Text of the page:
Ai Weiwei, Dropping a Han Dynasty Urn, 1995

I will even go a step further, in my totally obvious way. Because of the greater freedom and the greater individuality that human beings today may enjoy, the days are past when a person could be an immoral jerk in his personal life but a great artist with his materials. Caravaggio killed a man after a tennis game in a botched attempt to castrate him because of their mutual attraction to a prostitute. I don’t believe a teacher-as-artist could kill a rival after a tennis game and then walk into the classroom and expect to have a healthful effect on his pupils. Yet Caravaggio spanned the distance between jealous murderer and devout painter with little effort.

Caravaggio, The Crucifixion of Peter, 1601

Maybe the idea of teacher as artist is a nice metaphor, one with some vague poetic truth but no real value. If we stop here, however, I believe we dishonor Rudolf Steiner. I don’t believe he means simply to create a warm fuzzy metaphor. I believe he means seriously that teachers are artists, that their students’ lives are their material.
Because of the contradictions among our lack of traditional culture, our cultural relativism and the value of our teachers’ materials—our children—we need a higher definition and model of an artist if we wish to see teachers as artists. We need a definition that combines the craft of earlier artists with the freedom of modern artists and then goes a step further. The missing element, one that was present instinctively in the past but that we need to cultivate consciously and individually in the present, is ethics or morality.
Creativity, freedom, and morality are intimately linked in the work of a creative person, and they are perhaps most closely linked when an artist’s materials are a human body, a human soul, and a human spirit.
If this is not obvious to you—as it was not to me for a long time—listen to this:
Our conceptions of creativity and morality are intertwined in a number of ways… At once we see that the indispensable middle term between creativity and morality is freedom. We can hardly speak of a moral act if the actor has no choice. Creative work also requires inner freedom… Creative work must be in some ways kindred to the world, if not the world as it is, then the world as it will or might be. It flows out of that world and it flows back into it. Thus the creative person, to carry out the responsibility to self, the responsibility for inner integrity, must also in some way be responsive to the world.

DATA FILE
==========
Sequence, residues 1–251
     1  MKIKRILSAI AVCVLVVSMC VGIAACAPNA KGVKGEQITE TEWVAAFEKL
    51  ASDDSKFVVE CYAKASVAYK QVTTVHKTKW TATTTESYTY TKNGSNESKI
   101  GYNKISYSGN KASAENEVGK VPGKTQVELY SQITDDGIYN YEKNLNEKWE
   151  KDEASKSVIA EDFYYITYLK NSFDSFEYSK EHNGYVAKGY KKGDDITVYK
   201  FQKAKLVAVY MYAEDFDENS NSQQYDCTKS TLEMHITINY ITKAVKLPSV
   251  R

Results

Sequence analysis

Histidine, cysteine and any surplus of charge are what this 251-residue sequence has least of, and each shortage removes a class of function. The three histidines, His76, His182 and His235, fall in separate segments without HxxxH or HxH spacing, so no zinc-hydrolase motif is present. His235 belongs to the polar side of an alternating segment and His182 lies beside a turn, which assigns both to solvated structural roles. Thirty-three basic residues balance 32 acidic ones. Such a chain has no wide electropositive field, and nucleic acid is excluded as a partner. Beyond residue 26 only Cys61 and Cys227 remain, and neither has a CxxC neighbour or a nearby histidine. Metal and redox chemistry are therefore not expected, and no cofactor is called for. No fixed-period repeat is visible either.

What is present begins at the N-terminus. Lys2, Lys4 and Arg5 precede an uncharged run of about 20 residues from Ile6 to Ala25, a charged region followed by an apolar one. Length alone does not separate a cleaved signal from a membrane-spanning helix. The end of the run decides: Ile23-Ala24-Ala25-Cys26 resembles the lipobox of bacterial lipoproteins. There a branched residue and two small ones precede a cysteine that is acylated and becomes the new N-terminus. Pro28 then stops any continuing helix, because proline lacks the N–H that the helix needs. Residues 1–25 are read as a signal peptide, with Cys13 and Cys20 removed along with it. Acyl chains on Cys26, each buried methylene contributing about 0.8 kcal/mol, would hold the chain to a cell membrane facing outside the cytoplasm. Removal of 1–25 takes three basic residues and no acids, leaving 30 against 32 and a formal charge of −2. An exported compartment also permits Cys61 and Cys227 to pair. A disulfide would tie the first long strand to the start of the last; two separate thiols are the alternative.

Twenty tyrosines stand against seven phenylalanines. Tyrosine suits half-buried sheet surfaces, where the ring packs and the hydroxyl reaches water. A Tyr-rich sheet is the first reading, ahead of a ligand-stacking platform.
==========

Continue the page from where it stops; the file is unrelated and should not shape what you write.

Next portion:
This is not Steiner, not Ralph Waldo Emerson, and not Walt Whitman. It is the developmental psychologist Howard Gruber. And he is not writing about artists—although they are included, too—but about creative persons in general. Gruber’s life’s work began with a study of Charles Darwin as a creative person. A true characterization of an artist will necessarily apply to the creative work of a scientist as well. Scientists derive insights from creative work, pursue their work in freedom, and, if we are to survive, conceive their work ethically for the benefit of the world. For Gruber, a scientist is an artist and an artist is a scientist. A notch below these are, let’s say, mere technicians. And there are lots of these. If this talk has advice to give, it’s this: Don’t be a mere technician.

Howard Gruber, c. 1990

We have done our best as your teachers here at Sunbridge for the past three years—or, in some cases, more than three years—to teach you ethically, creatively, and freely. We have done this so that you may leave us as ethical, creative, free artists of the lives of the children who are waiting for you to teach them.
Please go now and do this with all our blessings.